By Joe Kukura
One of the great offbeat charms of Gainesville, Florida, is a 1,120-foot graffiti wall that has new graffiti added every day. The 34th Street Wall is a giant public art piece, community bulletin board and fun cultural landmark that Gainesville residents and local students have been painting away on since 1979. The wall is sometimes called “Gainesville’s public diary,” as it constantly chronicles developments of the day both locally and in the world at large. And the wall always features some really terrific street art.
The 34th Street Wall is a gigantic living mural that spreads nearly a quarter mile in length, with a patchwork of different paintings that all change by the day. Some of the painting is exceptionally brilliant; some is slapdash and amateur. And it all gets painted over eventually, with some areas estimated to have more than 250 layers of paint.
Some renowned and professional graffiti artists travel from around the world to paint on the 34th Street Wall. Birthday greetings, personal announcements and marriage proposals are common on the wall. No, it is not technically legal to paint graffiti on the wall. But the wall is popular in the Gainesville community and this law hasn’t been enforced in years. Instead, authorities put out waste containers to make sure the painting supplies are disposed of or recycled properly.
Originally built as a retaining wall by the Florida Department of Transportation in the late 1970s, the wall was meant to prevent erosion when 34th Street was widened to four lanes. The blank canvas was apparently too tempting for the artistically inclined, and decades later it’s still being painted with more graffiti.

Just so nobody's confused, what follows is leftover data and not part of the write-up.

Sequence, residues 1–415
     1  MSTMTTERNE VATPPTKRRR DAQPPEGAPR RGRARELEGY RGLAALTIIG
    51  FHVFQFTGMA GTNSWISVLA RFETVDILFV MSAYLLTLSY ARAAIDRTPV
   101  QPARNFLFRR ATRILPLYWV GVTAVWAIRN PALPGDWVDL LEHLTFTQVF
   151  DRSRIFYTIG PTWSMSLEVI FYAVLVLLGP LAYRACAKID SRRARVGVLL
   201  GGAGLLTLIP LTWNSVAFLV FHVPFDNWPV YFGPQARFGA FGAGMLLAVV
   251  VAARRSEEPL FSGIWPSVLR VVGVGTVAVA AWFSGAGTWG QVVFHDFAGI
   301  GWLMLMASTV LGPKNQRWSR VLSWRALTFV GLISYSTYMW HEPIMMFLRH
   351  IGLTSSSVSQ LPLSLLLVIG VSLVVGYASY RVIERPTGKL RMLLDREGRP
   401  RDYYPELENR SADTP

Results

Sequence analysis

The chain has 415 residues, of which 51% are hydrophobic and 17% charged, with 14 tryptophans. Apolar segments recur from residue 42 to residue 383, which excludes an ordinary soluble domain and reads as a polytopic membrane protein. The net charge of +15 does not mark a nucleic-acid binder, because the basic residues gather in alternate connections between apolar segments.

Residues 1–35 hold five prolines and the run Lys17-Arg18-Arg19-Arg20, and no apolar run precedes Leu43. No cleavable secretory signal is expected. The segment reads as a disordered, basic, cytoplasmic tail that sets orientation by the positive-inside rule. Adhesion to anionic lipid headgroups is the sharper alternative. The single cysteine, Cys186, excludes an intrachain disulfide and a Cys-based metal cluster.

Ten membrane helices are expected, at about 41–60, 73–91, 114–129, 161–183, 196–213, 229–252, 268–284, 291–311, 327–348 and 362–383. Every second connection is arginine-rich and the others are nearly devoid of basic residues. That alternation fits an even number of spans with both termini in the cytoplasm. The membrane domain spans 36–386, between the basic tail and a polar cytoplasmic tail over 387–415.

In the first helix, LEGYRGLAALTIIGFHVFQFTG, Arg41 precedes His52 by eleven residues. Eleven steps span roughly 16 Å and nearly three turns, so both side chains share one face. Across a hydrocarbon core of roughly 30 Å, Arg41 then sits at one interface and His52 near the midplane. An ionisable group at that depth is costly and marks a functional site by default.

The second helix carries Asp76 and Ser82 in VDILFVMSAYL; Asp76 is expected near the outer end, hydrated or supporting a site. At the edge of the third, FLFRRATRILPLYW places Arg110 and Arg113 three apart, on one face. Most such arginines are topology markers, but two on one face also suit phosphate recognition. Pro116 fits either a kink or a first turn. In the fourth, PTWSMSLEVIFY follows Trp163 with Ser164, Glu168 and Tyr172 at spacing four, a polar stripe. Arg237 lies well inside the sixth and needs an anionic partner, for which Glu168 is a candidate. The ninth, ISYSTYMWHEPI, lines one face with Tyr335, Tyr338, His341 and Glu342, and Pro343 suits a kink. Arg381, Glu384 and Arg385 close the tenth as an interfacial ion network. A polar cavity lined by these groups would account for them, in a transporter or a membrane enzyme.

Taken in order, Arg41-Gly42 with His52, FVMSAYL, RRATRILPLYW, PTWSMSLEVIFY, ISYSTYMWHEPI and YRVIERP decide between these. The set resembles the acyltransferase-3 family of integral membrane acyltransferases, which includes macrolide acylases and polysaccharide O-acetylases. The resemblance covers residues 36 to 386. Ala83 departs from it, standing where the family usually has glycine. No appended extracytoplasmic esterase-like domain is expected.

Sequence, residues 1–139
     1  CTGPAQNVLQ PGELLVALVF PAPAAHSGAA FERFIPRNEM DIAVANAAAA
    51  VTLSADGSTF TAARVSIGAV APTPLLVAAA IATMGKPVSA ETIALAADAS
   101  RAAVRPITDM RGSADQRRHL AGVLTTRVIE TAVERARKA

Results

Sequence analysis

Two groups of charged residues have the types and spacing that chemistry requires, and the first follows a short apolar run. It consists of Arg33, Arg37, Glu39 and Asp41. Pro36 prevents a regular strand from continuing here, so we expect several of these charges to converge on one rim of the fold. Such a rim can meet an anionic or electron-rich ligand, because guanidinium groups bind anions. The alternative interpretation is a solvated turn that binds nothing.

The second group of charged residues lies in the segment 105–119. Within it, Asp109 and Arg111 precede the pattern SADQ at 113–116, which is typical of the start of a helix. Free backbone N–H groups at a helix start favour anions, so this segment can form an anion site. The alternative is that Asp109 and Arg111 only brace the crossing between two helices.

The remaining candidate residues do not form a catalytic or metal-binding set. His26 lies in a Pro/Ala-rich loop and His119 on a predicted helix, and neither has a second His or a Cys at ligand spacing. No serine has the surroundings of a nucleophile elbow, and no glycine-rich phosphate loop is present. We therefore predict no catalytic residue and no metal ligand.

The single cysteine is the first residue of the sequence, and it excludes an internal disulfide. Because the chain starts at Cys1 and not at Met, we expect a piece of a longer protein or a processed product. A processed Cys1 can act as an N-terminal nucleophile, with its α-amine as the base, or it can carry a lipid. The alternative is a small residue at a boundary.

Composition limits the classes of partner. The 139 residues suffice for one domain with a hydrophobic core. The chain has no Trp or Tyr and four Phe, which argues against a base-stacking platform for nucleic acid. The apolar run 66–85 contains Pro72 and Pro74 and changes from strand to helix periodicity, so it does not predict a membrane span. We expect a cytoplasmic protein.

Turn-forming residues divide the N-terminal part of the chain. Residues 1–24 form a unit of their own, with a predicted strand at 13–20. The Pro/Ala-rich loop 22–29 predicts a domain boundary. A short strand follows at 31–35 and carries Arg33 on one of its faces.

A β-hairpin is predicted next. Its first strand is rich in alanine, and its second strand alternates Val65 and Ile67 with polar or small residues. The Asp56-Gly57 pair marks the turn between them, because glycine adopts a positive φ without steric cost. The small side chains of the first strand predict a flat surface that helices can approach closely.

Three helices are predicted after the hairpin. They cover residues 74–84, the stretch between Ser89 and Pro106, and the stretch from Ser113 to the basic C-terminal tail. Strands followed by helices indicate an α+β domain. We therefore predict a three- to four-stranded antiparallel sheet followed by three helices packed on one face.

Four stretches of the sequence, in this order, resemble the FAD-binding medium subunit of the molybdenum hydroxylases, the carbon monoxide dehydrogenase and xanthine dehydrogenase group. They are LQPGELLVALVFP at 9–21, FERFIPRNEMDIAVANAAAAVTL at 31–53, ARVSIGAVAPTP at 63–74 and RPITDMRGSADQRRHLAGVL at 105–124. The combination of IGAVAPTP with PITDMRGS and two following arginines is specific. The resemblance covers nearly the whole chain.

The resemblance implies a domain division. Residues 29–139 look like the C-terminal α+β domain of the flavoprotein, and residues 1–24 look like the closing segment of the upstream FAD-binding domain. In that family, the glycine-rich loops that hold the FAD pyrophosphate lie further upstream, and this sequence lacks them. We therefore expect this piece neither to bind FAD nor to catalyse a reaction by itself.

The University of Florida Digital Collections has a fascinating online photo archive of the 34th Street Wall graffiti over the years called Messages on the Wall. Since previous graffiti gets painted over every day (and sometimes every hour), the Messages on the Wall database collects and posts as many snapshots of the wall’s graffiti artwork as possible. The photos are then presented in a searchable database whose pictures go all the way back to the late 1980s.
There is only one section of the wall that remains the same, a permanent memorial to five victims killed in a tragic 1990 crime spree. That panel of the wall turned into a shrine, and some administrative police staff took up the cause to maintain that section of the mural. It continues to be maintained, and painters generally respect that portion as off limits.
But everywhere else on the 34th Street Wall, anything goes.
The 34th Street Wall mural is one of the many eclectic attractions of Gainesville, and part of the fabric that gives it its creative and irreverent character. Visit Gainesville to see for yourself how the graffiti wall is part of the city’s off-the-wall charm and one of the best spots for a photo op.